LONDON: The Duke of Cambridge is expected to launch a guide for children on how to cope with a “banter escalation scenario”, after bringing together social media giants to help combat cyberbullying.
The Duke announced a “green cross code” for the 21st century, teaching young people aged 11-16 what to do if they fall victim to “really dangerous” anonymous bullying online.
The project, from the Royal Foundation’s Taskforce on the Prevention of Cyberbullying, will see organisations including broadband companies, Apple, Facebook, Google, Snapchat and Twitter work with the NSPCC and Diana Award to announce a code of conduct for the internet urging young people to “stop, speak, support”.
It asks them to stop and consider what the situation is before joining in negative activity online, speak to an adult, a charity or report any abuse if they are concerned and offer support to the individual being targeted.
In a video, the Duke warned that anonymity online can be “really, really dangerous” and can lead to the “human tragedy” of intolerable cyberbullying.
His interest in the problem began shortly after the birth of his own son, Prince George when he heard the story of a boy who killed himself as a result of online abuse.
A video, entitled “what to do in a banter escalation scenario” will be used to launch the advice, encouraging children to “stop, speak support” when the “banter turns bad”.
The National Action Plan, launched by the Duke on Thursday, sees the UK become the “first country in the world to launch a national, youth-led, code of conduct for the internet”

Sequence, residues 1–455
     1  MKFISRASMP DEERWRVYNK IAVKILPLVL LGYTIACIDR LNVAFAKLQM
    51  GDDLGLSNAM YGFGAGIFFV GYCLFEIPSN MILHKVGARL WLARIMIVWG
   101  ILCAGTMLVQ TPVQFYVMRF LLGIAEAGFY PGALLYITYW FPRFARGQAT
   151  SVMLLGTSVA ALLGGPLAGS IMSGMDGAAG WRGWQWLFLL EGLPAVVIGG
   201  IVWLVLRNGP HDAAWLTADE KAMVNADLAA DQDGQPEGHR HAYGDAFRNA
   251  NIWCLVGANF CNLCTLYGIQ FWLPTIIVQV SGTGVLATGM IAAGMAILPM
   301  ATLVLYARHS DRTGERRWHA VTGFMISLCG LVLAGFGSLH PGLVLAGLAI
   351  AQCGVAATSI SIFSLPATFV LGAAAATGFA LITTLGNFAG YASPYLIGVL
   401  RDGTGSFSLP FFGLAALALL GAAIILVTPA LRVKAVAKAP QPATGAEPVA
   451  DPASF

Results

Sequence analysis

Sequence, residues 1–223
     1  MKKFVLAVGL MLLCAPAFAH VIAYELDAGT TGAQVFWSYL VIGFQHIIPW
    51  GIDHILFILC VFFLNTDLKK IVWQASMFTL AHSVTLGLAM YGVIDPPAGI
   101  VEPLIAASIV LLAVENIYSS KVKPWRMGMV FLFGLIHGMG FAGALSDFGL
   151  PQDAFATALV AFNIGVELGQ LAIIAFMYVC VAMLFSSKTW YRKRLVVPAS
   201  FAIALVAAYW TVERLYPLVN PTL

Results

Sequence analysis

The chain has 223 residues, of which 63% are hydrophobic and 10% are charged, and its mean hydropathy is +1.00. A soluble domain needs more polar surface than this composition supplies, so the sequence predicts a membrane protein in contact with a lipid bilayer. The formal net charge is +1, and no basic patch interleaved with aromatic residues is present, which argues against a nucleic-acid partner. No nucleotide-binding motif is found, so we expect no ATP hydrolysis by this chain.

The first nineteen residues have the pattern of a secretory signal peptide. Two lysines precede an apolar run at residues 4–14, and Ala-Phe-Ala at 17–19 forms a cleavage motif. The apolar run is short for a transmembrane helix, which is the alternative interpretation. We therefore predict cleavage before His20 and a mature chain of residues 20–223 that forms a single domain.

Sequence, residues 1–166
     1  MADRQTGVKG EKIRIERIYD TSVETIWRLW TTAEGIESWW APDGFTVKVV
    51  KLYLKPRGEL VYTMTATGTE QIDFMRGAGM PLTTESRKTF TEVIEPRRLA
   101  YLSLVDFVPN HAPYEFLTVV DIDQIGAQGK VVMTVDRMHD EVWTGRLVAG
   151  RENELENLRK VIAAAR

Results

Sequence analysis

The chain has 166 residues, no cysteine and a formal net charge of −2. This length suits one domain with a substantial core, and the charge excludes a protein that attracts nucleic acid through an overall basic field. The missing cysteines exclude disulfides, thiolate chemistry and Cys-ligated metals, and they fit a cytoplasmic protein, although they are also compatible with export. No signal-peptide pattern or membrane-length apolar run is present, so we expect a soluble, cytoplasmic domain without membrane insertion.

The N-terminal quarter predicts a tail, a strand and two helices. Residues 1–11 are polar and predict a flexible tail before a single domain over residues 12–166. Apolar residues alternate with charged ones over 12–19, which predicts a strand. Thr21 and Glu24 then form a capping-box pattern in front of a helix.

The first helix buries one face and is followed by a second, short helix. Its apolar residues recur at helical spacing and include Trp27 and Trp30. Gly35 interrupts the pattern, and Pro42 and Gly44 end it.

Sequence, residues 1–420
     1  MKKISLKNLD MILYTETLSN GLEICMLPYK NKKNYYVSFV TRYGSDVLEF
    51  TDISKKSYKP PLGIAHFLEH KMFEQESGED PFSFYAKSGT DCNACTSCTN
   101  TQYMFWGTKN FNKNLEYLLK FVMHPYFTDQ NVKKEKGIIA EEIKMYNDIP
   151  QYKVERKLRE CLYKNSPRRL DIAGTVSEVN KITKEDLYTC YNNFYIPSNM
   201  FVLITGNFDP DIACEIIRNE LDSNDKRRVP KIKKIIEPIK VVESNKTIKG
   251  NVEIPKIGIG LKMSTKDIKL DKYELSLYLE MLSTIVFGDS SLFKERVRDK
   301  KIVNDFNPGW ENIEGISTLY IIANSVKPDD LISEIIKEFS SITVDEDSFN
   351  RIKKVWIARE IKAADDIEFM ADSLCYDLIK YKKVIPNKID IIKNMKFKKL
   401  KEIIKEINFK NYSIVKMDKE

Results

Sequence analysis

It will see Facebook and Snapchat work with the NSPCC to create new functions to protect users against bullying, which, if successful, the Duke hopes will become “a global blueprint”.
A clip released by Kensington Palace shows the Duke meeting Lucy Alexander, whose son Felix killed himself as a result of bullying, and cyberbullying victim Chloe Hine who attempted to take her own life at the age of 13.
Listening to the experiences of the pair, the Duke told them: “I think it is worth reminding everyone what the human tragedy of what we are talking about here isn’t just about companies and about online stuff – it’s actually real lives that get affected.
“And the consequences, that is the big thing, the consequences of what happens if things are not kept in check in terms of what we say and what we do.
“We are still responsible for our own actions online – this anonymity, as you were saying, is really, really dangerous.”
Ms Alexander spoke of her son’s slide into depression after he was targeted on social media, being excluded from parties and viewing himself as “stupid and ugly”.
The Duke told her: “It is one thing when it happens on the playground and it is visible there and parents and teachers and other children can see it. Online, you’re the only one who sees it, and it’s so personal, isn’t it? Really it goes straight to your bedroom.”